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Since 2010, the Tamimi family have been targeted by Israeli authorities for its role in organizing protests against the Israeli settler-colonial project in Nabi Saleh, a Palestinian village of approximately 600 people located twelve miles north of Ramallah in the West Bank. For their efforts, the Tamimis have become well-known across Palestine, as well as within activist circles. But it was only after the arrest and detention in December 2017 of then sixteen-year-old Ahed Tamimi that the family became international icons of resistance. Since the arrest, protests have been held around the world, focused on Ahed’s situation but also generally demanding the release of all Palestinian political prisoners held by Israel.

Ahed Tamimi was arrested after a video spread online of her hitting an Israeli soldier. The incident occurred after her fifteen-year-old cousin, Muhammad Fadel Tamimi, was shot in the head by an Israeli soldier using a steel-coated rubber bullet at close range. To save his life, doctors were forced to place the teenager in a medically-induced coma and remove part of his skull.

Since Ahed’s arrest, other members of the Tamimi family have been detained, interrogated, and indicted, including Ahed’s activist mother (Nariman) and cousin (Noor). Family members from the neighboring village of Deir Nizam have also been injured or killed in clashes with Israeli soldiers, including seventeen-year old Musab Tamimi, who was shot in the neck in January.

On Monday, February 26, Israeli forces yet again targeted the Tamimi family by invading the villages of Nabi Saleh and Deir Nizam. According to the Palestinian Prisoner’s Society, ten members of the family, including five minors, were detained during a predawn raid, including the still recovering Muhammad Tamimi, who is awaiting major restorative surgery. The teenager was released on Monday afternoon following interrogation. As of Tuesday evening, others apprehended in the raid remain in Israeli custody.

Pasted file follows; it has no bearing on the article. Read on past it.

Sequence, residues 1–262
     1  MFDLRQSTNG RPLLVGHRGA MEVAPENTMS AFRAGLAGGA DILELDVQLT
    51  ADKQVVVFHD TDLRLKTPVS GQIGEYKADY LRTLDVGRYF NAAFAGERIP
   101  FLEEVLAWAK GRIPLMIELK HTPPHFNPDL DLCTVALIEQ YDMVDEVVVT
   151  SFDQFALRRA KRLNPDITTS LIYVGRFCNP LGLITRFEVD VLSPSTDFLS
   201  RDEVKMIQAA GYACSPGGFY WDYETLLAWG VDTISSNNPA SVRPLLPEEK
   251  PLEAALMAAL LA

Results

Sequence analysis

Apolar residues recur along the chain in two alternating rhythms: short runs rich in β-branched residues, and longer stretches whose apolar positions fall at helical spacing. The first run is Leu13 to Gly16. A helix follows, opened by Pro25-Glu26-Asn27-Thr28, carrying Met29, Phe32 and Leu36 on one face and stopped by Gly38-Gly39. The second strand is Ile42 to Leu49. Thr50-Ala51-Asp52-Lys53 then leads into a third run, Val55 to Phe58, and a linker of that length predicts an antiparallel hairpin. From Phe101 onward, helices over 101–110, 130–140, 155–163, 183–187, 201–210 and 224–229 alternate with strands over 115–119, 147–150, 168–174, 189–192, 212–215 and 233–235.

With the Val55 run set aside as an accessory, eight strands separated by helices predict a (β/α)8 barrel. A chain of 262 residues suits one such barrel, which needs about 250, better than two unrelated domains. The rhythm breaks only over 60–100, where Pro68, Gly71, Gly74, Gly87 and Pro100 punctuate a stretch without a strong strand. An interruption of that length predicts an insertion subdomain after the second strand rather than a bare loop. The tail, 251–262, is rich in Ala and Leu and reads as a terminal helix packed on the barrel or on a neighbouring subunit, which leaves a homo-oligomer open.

According to locals, occupation forces conducted the night raid in order to collectively punish the two villages and silence its activists. It appears, however, that Muhammad Tamimi was particularly targeted. Shortly after his release from police custody, Israel’s Coordinator of Government Activities in the oPt (occupied Palestinian Territories), Maj. Gen. Yoav Mordechai, wrote on Facebook that the young Tamimi had admitted his head wound was not the result of a rubber bullet shot by an Israeli soldier, but rather the consequence of a bicycling accident. Mordechai declared that, by claiming otherwise, the Tamimi family was guilty of lying and inciting against Israel.

The “confession” was extracted during a police interrogation of Tamimi, without the presence of his parents or legal counsel. Mordechai’s claims are also easily contradicted by official medical documents and surgical reports (including CAT scans of Muhammad’s brain), as well as eyewitness accounts. Tamimi has since explained that Israeli forces had beaten him, and that his medicine was stolen and withheld until he “admitted” to the bicycle injury. Because he was scared for his well-being, he did as he was told.

In coercing Muhammad to lie about being shot in the head, the Israeli government has made a sordid attempt to discredit the Tamimi family, sow confusion about the military’s actions, and ultimately absolve Israel of responsibility for Muhammad’s condition. It is part of a broader attempt to undermine the credibility of the Tamimi family, more generally. Only last month, deputy minister and MK of the center-right Kulanu party, Michael Oren, confirmed that he led a classified parliamentary investigation into the family in 2015, based on suspicions that the Tamimi’s are simply actors participating in a “very sophisticated” public relations operation commonly referred to in Israel as “Pallywood.” The investigation ended with “no unequivocal conclusion.”

Indeed, the threat the Tamimi family poses to Israel is not related to the country’s security, as is commonly argued by Israeli politicians and military personnel, but rather to its public image, especially in the West. The high-profile arrest of Ahed Tamimi, as well as the widely-circulated image of Muhammad Tamimi after his initial surgery in December, have led to pronounced international focus and criticism of Israeli practices in the oPt, particularly its treatment of minors.

While Israeli politicians push a “Pallywood” narrative – one in which all Palestinian complaints about Israel’s aggression and repression are depicted as fabrications – Mordechai’s stunt demonstrates that it is the Israeli government that is engaging in falsehoods.

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